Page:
The Anuak men have been killed, arrested, or displaced, leaving thousands of women and children vulnerable. Anuak women and girls are routinely raped, gang-raped and kept as sexual slaves by EPRDF forces, often at gunpoint. Girls have been shot for resisting rape, and summary executions for girls held captive for prolonged periods as sexual slaves have been reported. Reports from non-Anuak police officials in Gambella indicate an average of up to seven rapes per day. Due to the isolation of women and girls in rural areas, rapes remain under-reported. Some 6,000 to 8,000 Anuak remain at refugee camps in Pochalla, Sudan, and there are an estimated 1,000 annual refugees in Kenya. In August 2004, approximately 25 percent (roughly 50,000 people) of Gambella’s population had been displaced.

To the Anuak and other indigenous peoples of southwestern Ethiopia, the government of Prime minister Meles Zenawi is a ruthless military dictatorship. Almost everyone links “the problem” to Gambella’s oil. “Since the problem, we are not able to farm or to fish,” said one Anuak survivor who was shot three times. He is shy, but he will show you where one bullet entered and exited his wrist. He was shot December 13, 2003—the day the EPRDF and local highlander militias launched their genocidal war on the Anuaks. “Many men ran away into the bushes and were killed since the problem began,” says one witness. “They are raping many girls. They keep some women by force.” The violence has almost completely disrupted this year’s planting season, and people believe that famine in the coming winter months (October-March, 2005) will be exacerbated by the destruction of milling machines and food stores.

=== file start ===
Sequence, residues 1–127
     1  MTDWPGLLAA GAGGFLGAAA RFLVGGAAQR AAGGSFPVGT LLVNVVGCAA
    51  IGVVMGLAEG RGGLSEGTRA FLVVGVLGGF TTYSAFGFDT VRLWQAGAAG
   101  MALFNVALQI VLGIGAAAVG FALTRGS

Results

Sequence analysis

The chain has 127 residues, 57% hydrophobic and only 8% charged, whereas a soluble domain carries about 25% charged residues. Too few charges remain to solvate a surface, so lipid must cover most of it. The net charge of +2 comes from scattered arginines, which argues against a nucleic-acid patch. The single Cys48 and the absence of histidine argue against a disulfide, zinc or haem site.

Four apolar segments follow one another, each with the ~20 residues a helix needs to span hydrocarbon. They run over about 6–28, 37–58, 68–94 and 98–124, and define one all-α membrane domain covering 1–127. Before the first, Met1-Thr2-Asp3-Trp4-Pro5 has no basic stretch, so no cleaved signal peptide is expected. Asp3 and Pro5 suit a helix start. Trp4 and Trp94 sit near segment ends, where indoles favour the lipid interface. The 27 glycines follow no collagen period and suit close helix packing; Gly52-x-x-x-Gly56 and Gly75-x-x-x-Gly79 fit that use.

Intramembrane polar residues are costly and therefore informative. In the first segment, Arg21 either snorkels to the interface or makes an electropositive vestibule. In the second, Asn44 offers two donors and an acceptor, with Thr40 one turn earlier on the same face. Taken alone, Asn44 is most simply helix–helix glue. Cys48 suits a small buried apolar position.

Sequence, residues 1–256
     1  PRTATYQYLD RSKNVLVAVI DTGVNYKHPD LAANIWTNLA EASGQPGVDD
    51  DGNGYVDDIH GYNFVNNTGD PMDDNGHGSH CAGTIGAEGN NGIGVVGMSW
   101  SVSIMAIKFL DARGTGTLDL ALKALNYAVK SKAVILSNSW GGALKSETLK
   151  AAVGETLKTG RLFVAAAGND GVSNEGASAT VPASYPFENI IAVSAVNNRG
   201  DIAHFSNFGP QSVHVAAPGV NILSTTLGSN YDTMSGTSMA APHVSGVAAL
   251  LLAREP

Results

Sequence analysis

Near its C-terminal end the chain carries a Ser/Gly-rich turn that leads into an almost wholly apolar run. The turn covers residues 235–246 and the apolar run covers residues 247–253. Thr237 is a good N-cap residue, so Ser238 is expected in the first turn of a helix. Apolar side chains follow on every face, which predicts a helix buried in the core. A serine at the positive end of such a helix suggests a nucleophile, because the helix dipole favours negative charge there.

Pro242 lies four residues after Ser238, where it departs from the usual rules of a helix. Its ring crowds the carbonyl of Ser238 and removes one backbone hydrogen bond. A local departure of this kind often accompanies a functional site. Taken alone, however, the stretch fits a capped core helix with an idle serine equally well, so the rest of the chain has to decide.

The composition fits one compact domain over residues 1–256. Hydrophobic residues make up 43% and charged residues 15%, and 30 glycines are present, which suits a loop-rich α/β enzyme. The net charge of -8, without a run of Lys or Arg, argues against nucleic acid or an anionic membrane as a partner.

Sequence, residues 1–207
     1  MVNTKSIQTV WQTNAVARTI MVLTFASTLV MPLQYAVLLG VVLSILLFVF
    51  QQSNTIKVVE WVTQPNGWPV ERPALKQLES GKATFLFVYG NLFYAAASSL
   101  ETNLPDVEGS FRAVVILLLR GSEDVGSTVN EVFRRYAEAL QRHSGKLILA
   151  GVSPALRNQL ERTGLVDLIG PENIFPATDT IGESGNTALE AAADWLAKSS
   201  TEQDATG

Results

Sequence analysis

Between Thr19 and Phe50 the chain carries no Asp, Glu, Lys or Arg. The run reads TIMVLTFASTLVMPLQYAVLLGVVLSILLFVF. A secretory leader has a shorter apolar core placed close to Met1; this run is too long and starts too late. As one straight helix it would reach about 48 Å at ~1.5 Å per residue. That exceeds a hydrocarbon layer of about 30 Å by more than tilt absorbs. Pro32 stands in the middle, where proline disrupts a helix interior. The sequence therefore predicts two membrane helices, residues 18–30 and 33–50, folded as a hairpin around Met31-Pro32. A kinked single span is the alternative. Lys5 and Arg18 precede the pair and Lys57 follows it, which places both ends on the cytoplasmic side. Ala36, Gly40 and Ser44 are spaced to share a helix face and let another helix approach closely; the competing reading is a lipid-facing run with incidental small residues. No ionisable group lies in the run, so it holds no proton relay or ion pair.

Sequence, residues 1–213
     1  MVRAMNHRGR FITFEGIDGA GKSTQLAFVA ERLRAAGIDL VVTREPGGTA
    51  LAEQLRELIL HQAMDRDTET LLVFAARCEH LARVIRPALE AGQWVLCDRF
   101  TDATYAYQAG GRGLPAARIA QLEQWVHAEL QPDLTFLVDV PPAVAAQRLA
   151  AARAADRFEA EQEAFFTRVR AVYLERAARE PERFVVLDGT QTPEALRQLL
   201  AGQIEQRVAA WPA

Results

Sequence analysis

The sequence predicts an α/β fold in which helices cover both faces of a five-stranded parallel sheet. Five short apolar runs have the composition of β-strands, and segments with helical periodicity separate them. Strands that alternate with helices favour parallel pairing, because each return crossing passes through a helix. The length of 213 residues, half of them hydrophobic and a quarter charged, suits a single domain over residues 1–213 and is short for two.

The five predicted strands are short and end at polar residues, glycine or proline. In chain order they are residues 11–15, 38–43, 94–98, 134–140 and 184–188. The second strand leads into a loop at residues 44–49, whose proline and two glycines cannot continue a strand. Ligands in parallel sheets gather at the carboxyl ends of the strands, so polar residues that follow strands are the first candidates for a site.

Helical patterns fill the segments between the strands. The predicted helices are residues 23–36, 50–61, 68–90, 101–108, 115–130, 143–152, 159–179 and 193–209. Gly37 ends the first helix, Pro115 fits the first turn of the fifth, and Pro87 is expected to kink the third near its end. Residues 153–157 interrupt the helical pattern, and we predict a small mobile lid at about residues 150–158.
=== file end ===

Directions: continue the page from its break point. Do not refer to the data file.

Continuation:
In August 2003, the U.S. committed $28,000,000 to international trade enhancements with Ethiopia. Beginning July 2003, forces from the Pentagon’s Combined Joint Task Force-Horn of Africa (CJTF-HOA) held a three-month bilateral training exercise with Ethiopian forces at the Hurso Training Camp, northwest of Dire Dawa. The U.S. Army’s 10th Mountain Division recently completed a three-month program to train an Ethiopian army division in counter-terrorism attacks. Operations are coordinated through the CJTF-HOA regional base in Djibouti, where the Halliburton subsidiary KBR is the prime contractor.

Because Ethiopia is considered to be an essential partner of the U.S. in its “War on Terrorism,” the U.S. provided some $1,835,000 in International Military and Educational Training (IMET) to Ethiopia between 1995–2000. Some 115 Ethiopian officers were trained under the IMET program from 1991–2001. Approximately 4,000 Ethiopian soldiers have participated in IMET and Foreign Military Sales and Deliveries programs. The U.S. also equipped, trained, and supported Ethiopian troops under the Africa Regional Peacekeeping program. Ethiopia has remained a participant of the IMET program in 2000–2004. A U.S. AID representative asked Congress to approve some $80,000,000 in funding for Ethiopia’s programs in the Fiscal Year of 2005. Ethiopia was described as a “top priority” of the Bush Administration.